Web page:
Background: Although the military is considered to be a stressful occupation, there are remarkably few studies that compare the prevalence of common mental disorder (CMD) between the military and the general population. This study examined the prevalence of probable CMD in a serving UK military sample compared to a general population sample of employed individuals.
Method: Data for the general population was from the 2003 and 2008 collections for the Health Survey for England (HSE) and for the serving military from phases 1 (2004-2006) and 2 (2007-2009) of the King's Centre for Military Health Research (KCMHR) cohort study. Probable CMD was assessed by the General Health Questionnaire (GHQ-12). The datasets were appended to calculate the odds of CMD in the military compared to the general population.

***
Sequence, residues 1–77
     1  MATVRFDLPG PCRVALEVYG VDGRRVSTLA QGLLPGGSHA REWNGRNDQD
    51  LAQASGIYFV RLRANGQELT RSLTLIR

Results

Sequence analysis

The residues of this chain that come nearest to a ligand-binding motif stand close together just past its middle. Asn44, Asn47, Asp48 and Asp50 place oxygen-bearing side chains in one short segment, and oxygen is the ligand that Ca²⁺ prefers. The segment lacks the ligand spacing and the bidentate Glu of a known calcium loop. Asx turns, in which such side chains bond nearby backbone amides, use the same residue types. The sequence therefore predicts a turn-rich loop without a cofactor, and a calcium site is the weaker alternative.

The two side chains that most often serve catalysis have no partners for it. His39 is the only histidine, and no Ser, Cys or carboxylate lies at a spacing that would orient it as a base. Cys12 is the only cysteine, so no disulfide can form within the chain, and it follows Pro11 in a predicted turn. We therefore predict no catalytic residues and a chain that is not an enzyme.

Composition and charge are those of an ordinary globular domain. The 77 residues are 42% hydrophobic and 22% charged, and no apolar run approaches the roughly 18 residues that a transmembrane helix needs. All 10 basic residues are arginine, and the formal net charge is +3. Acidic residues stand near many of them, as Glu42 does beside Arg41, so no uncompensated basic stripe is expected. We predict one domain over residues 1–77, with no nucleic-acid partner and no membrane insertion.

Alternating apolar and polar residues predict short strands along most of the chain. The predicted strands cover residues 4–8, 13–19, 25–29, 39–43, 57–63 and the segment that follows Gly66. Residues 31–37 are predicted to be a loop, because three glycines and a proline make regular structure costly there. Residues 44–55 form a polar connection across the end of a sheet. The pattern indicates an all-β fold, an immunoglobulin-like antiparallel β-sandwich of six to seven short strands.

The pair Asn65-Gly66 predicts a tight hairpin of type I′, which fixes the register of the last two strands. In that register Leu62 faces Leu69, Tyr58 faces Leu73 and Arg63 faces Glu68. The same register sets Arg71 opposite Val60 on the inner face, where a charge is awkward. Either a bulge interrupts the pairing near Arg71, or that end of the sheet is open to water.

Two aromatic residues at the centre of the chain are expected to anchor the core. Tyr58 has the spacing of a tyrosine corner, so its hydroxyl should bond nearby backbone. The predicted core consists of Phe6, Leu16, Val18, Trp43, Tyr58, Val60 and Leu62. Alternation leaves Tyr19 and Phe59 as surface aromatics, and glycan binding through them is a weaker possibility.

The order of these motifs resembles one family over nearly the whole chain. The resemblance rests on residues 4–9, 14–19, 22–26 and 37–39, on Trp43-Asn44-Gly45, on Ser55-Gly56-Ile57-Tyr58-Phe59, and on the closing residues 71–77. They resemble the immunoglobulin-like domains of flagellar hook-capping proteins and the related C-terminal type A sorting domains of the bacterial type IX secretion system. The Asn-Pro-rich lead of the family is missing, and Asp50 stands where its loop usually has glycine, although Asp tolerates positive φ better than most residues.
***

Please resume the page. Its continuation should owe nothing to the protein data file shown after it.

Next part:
Results: The odds of probable CMD was approximately double in the military, when comparing phase 1 of the military study to the 2003 HSE [odds ratio (OR) 2.4, 95% confidence interval (CI) 2.1-2.7], and phase 2 to the 2008 HSE (OR 2.3, 95% CI 2.0-2.6) after adjustment for sex, age, social class, education and marital status.
Conclusions: Serving military personnel are more likely to endorse symptoms of CMD compared to those selected from a general population study as employed in other occupations, even after accounting for demographic characteristics. This difference may be partly explained by the context of the military study, with evidence from previous research for higher reports of symptoms from the GHQ in occupational compared to population studies, in addition to the role of predisposing characteristics.
Keywords: Common mental disorder; general population; military; occupation..